• Transportation Management Centers (TMC): The main hub or center that monitors, controls, and responds to traffic conditions.

Collision Avoidance Technology

As the name implies, Collision Avoidance Technology is a safety technology that detects, predicts, and prevents traffic accidents by preemptively alerting road users of a possible incident through the use of visual, audible, and sensory cues such as flashing lights, a beeping notification, or vibrations. In certain situations, it can also override the driver’s actions moments before the accident occurs.

Examples of Collision Avoidance Technology

Collision Avoidance Technology encompasses various systems and features. Let’s look at several examples:

  1. Automatic Emergency Braking (AEB): AEB systems use sensors—such as radar, lidar, or cameras—to detect obstacles, vehicles, or pedestrians in the vehicle’s path. If the system detects a collision is about to happen and the driver does not react in time, it can automatically apply the brakes to reduce the severity of the impact or avoid it altogether.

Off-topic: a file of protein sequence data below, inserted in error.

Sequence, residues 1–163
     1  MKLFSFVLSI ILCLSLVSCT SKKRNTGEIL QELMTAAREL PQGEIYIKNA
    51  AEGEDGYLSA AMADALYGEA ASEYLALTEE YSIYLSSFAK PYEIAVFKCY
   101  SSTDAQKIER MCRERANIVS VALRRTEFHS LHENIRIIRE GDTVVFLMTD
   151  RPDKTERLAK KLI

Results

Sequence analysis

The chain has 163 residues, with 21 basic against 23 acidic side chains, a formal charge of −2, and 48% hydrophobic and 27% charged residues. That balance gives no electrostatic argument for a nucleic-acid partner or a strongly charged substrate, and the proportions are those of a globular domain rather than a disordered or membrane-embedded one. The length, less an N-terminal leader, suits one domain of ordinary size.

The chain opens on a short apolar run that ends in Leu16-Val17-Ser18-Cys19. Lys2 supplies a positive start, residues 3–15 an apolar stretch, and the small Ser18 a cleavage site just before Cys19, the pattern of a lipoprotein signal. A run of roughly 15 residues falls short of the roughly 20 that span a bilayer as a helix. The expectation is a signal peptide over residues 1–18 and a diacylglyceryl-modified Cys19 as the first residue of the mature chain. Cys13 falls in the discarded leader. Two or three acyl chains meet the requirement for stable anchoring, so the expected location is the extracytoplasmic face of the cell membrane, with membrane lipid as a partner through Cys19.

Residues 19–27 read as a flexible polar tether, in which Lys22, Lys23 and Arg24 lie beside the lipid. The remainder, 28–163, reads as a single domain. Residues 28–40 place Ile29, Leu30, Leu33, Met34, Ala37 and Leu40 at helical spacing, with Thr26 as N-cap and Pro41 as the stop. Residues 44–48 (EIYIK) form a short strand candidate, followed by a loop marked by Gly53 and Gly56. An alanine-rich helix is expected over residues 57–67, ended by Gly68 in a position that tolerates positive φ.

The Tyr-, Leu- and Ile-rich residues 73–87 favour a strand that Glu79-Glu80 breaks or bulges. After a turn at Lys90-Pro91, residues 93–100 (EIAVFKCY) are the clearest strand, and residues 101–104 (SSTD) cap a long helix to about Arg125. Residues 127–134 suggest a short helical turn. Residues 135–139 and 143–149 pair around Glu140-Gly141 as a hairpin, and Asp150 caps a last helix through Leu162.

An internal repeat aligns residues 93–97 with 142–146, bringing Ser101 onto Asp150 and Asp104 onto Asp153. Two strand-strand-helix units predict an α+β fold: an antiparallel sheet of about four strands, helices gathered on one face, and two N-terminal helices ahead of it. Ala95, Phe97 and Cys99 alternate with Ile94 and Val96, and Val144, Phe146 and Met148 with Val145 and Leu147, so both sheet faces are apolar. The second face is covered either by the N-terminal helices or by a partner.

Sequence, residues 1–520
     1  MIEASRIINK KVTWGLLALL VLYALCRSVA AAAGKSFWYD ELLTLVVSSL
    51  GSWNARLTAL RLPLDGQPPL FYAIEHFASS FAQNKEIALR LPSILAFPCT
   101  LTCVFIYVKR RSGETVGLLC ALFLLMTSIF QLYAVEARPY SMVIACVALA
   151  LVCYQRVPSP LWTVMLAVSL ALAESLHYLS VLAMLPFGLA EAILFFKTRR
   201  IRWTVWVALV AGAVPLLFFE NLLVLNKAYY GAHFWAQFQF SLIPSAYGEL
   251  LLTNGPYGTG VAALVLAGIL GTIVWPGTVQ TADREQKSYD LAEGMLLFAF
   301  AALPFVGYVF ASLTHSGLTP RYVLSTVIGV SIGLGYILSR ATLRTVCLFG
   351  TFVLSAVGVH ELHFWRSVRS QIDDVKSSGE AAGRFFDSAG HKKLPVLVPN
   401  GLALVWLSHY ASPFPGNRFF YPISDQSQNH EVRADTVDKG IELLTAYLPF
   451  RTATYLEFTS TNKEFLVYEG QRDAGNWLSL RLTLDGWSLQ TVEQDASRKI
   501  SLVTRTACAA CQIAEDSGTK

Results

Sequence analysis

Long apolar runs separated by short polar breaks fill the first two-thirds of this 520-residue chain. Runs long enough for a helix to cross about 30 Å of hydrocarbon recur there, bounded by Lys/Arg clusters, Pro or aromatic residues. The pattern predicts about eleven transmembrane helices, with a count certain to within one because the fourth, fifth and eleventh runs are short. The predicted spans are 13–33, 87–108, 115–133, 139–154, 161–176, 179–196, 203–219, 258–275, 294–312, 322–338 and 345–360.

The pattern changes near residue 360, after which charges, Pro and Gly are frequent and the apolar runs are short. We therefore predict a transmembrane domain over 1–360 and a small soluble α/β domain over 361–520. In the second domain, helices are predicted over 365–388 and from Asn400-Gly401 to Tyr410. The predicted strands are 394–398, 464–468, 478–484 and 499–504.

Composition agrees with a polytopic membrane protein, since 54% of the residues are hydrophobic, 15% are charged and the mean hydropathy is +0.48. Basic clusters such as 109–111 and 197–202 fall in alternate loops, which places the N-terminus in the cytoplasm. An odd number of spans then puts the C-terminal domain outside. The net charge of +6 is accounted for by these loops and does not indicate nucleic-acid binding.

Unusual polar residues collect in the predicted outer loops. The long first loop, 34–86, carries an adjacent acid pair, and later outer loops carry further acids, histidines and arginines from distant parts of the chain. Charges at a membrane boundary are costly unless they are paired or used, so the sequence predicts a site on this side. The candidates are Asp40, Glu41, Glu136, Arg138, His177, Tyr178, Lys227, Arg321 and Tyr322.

2. Forward Collision Warning (FCW): FCW systems alert drivers when they are approaching another vehicle or obstacle too quickly. The system uses sensors to monitor the distance and relative speed between these objects ahead and alerts the driver using visuals or audible warnings to take evasive action.
  3. Lane Departure Warning (LDW) and Lane-Keeping Assist (LKA): The LDW system warns drivers when they unintentionally drift out of their lane. If this occurs, the LKA system can intervene by gently steering the vehicle back into its lane if the driver does not respond to the warnings.
  4. Blind Spot Monitoring (BSM): BSM systems, or blind spot detection, use sensors to detect vehicles in the driver’s blind spots and notify the driver if it is unsafe to switch lanes.
  5. Rear Cross Traffic Alert (RCTA): This system detects and warns the driver of approaching vehicles and pedestrians behind the vehicle when reversing out of a driveway or parking space.
  6. Adaptive Cruise Control (ACC): The ACC system maintains a set speed for the driver’s vehicle while adjusting its speed to sustain a safe following distance from cars ahead. This technology uses sensors to automatically slow down or accelerate the vehicle to avoid rear-end collisions in traffic.
  7. Intersection Collision Warning (ICW): An ICW system monitors intersections for potential collisions by detecting vehicles approaching from other directions. It can warn drivers or automatically apply the brakes if there’s a crash risk when entering an intersection.